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Benign ethnic neutropenia in a South African population, and its association with HIV acquisition and adverse event reporting in an HIV vaccine clinical trial.

PLoS One. 2021;16(1):e0241708

Authors: Mpofu R, Otwombe K, Mlisana K, Nchabeleng M, Allen M, Kublin J, McElrath MJ, Bekker LG, Churchyard G, Gray G, Laher F

Benign ethnic neutropenia (BEN) is defined as a neutrophil count of <1.5×109 cells/L in healthy individuals and is more common in populations of certain ethnicities, e.g. African or Middle Eastern ethnicity. Neutrophil values are commonly included in eligibility criteria for research participation, but little is known about the relationship between BEN, HIV acquisition, and the occurrence of adverse events during clinical trials. We investigated these relationships using data from an HIV vaccine efficacy trial of healthy adults from 5 South African sites. We analysed data from the double-blind, placebo-controlled, randomized trial HVTN 503, and its follow-on study HVTN 503-S to assess the prevalence of BEN, its association with HIV infection, and adverse event reporting. These data were then compared with a time- and age-matched, non-pregnant cohort from the National Health and Nutrition Examination Survey (NHANES) conducted between 2007-2008 in the United States (US). The 739 South African participants had a median age of 22.0 years (interquartile range = 20-26) and 56% (n = 412) were male. Amongst the US cohort of 845 participants, the median age was 26 (IQR: 21-30) and the majority (54%, 457/745) were also male. BEN was present at enrolment in 7.0% (n = 52) of South African participants (6% in the placebo group versus 8% in the vaccine group); 81% (n = 42) of those with BEN were male. Pretoria North had the highest prevalence of BEN (11.6%, 5/43), while Cape Town had the lowest (0.7%, 1/152). Participants with BEN had a lower median neutrophil count (1.3 vs. 3.2×109 cells/L; p<0.001) and BMI (20.8 vs. 22.3 kg/m2; p<0.001) when compared to those without BEN. A greater proportion of Black South Africans had neutrophil counts <1.5×109 cells/L compared to US non-Hispanic Whites from the NHANES cohort (7% [52/739] vs. 0.6% [3/540]; p<0.001). BEN did not increase the odds for HIV infection (adjusted odds ratio [aOR]: 1.364, 95% confidence interval [95% CI]: 0.625-2.976; p = 0.4351). However, female gender (aOR: 1.947, 95% CI: 1.265-2.996; p = 0.0025) and cannabis use (aOR: 2.192, 95% CI: 1.126-4.266; p = 0.0209) increased the odds of HIV acquisition. The incidence rates of adverse events were similar between participants in the placebo group with BEN, and those without: 12.1 (95% CI: 7.3-20.1) vs. 16.5 (95% CI: 14.6-18.7; p = 0.06) events per 100 person-years (py) were noted in the infections and infestations system organ class, respectively. The vaccine group had an event incidence rate of 19.7 (95% CI: 13.3-29.2) vs. 14.8 (95% CI: 13.0-16.8; p = 0.07) events per 100py in the group with, and without BEN, respectively. BEN is more prevalent in Black South Africans compared to US Non-Hispanic Whites. Our data do not support excluding populations from HIV vaccine trials because of BEN. BEN was not associated with increased risk for HIV infection or Adverse events on a vaccine trial. Predictors of HIV infection risk were females and cannabis use, underlying the continued importance of prevention programmes in focusing on these populations.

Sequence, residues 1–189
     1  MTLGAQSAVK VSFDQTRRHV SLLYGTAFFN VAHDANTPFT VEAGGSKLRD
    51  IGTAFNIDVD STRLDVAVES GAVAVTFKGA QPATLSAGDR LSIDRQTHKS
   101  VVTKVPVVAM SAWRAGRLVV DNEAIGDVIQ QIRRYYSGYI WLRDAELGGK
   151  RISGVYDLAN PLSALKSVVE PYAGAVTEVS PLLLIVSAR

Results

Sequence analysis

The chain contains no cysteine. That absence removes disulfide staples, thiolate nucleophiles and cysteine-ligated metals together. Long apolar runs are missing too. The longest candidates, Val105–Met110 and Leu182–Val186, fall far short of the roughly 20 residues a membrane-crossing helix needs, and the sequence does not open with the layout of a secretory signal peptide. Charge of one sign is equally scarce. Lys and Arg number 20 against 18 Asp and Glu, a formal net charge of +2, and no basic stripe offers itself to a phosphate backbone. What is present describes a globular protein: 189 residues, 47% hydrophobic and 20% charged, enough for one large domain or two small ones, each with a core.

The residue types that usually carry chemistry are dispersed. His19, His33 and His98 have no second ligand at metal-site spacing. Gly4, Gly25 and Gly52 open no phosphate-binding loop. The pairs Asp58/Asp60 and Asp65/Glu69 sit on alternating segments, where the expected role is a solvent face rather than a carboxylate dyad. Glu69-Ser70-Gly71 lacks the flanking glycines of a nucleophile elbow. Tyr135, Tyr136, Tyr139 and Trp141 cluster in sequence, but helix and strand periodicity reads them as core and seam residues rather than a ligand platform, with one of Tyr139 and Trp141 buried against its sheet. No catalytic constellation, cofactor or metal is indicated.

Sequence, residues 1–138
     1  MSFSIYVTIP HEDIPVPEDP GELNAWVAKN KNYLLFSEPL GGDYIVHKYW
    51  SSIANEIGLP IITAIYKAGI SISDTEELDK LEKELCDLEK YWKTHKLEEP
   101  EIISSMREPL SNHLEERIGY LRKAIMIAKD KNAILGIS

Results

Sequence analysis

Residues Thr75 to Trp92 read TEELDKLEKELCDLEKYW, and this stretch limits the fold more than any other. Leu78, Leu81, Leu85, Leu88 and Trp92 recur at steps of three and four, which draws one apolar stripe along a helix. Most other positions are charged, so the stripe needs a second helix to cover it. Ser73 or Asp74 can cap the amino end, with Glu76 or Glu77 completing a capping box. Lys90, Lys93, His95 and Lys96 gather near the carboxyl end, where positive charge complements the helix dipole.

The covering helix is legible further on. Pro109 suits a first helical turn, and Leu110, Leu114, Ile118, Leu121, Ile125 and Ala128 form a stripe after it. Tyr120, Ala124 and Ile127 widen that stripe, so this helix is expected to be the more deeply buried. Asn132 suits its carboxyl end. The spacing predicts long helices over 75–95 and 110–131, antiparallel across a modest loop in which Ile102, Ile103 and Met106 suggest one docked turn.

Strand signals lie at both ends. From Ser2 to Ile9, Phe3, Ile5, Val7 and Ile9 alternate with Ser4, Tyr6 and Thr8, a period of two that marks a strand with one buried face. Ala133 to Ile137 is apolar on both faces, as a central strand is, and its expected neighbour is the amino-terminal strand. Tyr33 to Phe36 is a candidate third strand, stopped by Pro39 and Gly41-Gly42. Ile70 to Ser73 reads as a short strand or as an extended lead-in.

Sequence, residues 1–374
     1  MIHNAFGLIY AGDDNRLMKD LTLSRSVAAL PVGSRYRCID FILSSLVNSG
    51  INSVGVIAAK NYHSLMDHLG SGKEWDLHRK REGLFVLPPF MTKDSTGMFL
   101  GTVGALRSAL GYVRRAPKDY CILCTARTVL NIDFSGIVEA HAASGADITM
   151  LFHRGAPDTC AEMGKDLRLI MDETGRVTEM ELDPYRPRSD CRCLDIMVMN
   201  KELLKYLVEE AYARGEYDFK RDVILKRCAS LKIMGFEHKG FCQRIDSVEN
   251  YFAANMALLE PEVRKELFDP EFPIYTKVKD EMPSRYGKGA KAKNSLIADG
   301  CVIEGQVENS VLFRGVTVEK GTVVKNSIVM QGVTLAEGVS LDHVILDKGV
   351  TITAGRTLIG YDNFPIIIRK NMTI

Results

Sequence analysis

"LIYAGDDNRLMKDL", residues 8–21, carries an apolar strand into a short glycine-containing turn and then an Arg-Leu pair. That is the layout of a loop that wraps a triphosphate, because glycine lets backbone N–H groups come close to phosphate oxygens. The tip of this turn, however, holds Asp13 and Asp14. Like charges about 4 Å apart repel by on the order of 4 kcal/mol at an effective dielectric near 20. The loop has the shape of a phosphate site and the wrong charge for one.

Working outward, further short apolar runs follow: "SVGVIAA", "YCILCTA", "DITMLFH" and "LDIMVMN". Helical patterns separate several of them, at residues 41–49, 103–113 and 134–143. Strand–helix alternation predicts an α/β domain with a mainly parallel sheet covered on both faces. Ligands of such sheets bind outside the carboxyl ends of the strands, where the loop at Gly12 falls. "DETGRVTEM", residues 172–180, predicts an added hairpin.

PMID: 33481787 [PubMed – as supplied by publisher]

Source: ncbi 2

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